|Distribution methods||Deceptive emails, rogue online pop-up ads, search engine poisoning techniques, misspelled domains.|
|Damage||Loss of sensitive private information, monetary loss, identity theft.|
To eliminate possible malware infections our malware researchers recommend scanning your computer with Spyhunter.
There are many spam email campaigns similar to "Hacker Who Has Access To Your Operating System". The list of examples includes "You Certainly Do Not Know Me", "Looked At You For Several Months", and "So I'm The Hacker Who Broke Your Email". Note that 'sextortion' is not the only type of spam campaign. Criminals also use this tactic to spread high-risk malware (e.g., TrickBot, Hancitor, Emotet, FormBook, etc.). They send deceptive emails that contain malicious attachments (typically, Microsoft Office documents) and messages encouraging recipients to open the attached files. Opening them results in malware infection.
How do spam campaigns infect computers?
For spam email campaigns to be successful, user interaction is required. Cyber criminals send emails containing malicious attachments and messages encouraging recipients to open them. These attachments might be presented as important documents in attempts to give the impression of legitimacy and increase the chance of tricking recipients. In most cases, they come in format of Microsoft Office documents (e.g., Excel, Word, and other similar files), which infect computers using malicious macro commands, however, they might also be PDF documents, archive, links, and so on. In any case, these attachments are harmless, unless they are opened. The main reasons for these computer infections are poor knowledge of the threats and careless behavior.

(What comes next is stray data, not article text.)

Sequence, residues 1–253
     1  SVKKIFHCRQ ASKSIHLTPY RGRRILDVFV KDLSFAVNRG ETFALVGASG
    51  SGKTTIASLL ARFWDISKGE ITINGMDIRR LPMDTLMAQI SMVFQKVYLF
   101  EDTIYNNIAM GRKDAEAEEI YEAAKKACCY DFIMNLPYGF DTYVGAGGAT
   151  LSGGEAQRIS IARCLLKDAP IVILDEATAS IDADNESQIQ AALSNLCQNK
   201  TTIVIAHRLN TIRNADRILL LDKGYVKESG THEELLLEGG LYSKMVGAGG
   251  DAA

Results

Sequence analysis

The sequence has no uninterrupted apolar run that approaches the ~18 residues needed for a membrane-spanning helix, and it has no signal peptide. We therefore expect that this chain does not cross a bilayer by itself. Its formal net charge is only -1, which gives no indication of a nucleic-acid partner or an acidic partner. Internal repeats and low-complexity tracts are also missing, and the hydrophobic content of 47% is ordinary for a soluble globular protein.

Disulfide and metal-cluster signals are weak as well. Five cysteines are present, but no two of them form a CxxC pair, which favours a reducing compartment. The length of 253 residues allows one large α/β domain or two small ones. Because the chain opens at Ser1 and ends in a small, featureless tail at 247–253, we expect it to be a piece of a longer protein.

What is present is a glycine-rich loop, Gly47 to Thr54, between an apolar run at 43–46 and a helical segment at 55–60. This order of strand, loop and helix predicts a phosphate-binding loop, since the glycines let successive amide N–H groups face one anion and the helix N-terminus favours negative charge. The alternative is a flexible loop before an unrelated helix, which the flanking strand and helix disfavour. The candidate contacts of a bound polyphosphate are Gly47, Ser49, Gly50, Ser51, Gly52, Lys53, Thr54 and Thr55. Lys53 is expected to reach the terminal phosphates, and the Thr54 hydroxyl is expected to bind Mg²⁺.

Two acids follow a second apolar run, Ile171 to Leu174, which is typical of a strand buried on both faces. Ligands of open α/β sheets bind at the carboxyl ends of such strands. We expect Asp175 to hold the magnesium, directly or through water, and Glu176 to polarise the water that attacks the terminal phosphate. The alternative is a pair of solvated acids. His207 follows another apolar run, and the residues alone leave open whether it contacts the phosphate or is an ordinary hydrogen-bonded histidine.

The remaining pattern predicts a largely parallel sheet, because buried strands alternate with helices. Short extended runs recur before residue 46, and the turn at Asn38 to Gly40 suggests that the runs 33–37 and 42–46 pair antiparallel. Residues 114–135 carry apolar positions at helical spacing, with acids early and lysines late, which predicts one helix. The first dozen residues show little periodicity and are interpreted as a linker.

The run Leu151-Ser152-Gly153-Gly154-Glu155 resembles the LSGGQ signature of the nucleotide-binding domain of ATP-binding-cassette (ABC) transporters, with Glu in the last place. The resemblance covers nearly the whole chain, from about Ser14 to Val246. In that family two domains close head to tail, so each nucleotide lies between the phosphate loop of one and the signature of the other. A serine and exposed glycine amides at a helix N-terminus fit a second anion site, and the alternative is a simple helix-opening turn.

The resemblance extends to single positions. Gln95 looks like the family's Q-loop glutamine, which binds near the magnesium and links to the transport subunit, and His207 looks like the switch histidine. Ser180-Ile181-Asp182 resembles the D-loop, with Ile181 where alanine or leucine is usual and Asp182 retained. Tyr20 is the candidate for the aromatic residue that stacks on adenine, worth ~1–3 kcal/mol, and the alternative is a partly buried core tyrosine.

How to avoid installation of malware?
To prevent this situation, be very cautious when browsing the Internet and downloading/installing/updating software. Handle all email attachments with care. Files/links receipts from suspicious/unrecognizable email addresses should never be opened. Furthermore, download programs from official sources only, preferably using direct download links. Third party downloaders/installers often include rogue apps, and thus these tools should not be used. Carefully analyze each window of the download/installation dialogs using the "Custom" or "Advanced" settings. Opt-out of all additionally-included programs and decline offers to download/install them. Keep installed applications and operating systems up-to-date, however, use implemented functions or tools provided by the official developer only. Bear in mind that older versions of Microsoft Office are vulnerable to malware attacks. 2010 and later versions have "Protected View" mode, which prevents newly-downloaded documents from executing rogue macros and downloading/installing malicious software. Therefore, we strongly advise you to avoid using older versions of MS Word. The key to computer safety is caution. If you have already opened malicious attachments, we recommend running a scan with Spyhunter for Windows to automatically eliminate infiltrated malware.